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Standard washers won’t fit in the counterbored hole so I used special washers to keep the screws from galling the upright. The screws are M12 x 1.75 mm by 55 mm long. I hate iron oxide because it rusts and I couldn’t find zinc-plated ones in the correct length, so I cut longer ones down and polished and painted the tip — I think my OCD can live with that LOL.

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Left to right; M12 socket head cap screw, standard M12 washer, and socket head cap washer

Most builders chamfered the ID of the upright, but Agile Automotive suggested that I machine the stub axle rather than the upright. I assumed that it would be a nightmare to machine because they were hardened, but Agile pointed out that if they were too hard they’d become brittle. Agile was correct and I didn’t have any issues machining them. This is a quicker and simpler process than machining the upright which would require it to be carefully indexed on a rotary table and cut with a decent sized chamfer end mill. To machine the stub axle you just chuck it up in a lathe and go. I took ~0.040” off of the stub axles which provides about 0.015” clearance between the stub axle and the upright.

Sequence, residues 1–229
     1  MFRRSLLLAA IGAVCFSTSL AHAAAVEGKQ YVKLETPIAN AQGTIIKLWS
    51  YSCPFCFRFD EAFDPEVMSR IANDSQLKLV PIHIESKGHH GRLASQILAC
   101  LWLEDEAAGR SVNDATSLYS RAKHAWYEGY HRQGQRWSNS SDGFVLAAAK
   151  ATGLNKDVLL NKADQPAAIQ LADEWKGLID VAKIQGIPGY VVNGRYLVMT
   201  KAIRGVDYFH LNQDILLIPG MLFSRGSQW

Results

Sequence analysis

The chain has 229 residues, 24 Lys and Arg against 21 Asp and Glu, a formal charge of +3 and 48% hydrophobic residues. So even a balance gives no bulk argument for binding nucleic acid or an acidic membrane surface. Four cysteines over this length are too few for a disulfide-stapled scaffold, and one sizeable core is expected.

All of the stub axles pictured below were sourced from The Driveshaft Shop. From left to right; stock 30 spline, unmodified 33 spline and modified 33-spline. The stock piece is a standard part for a Nissan. The larger cone allows it to clear the upright’s ID, but the taller spline extends past the hub and you must use a doughnut-shaped spacer between the spine and axle nut so that the axle nut binds on the hub and NOT the spline. The stock unit is fabricated by press fitting the spline into the cone and welding a nut on the backside. The 33-spline units are machined from a single piece of billet, do not require a spacer and are rated to 1,800 HP.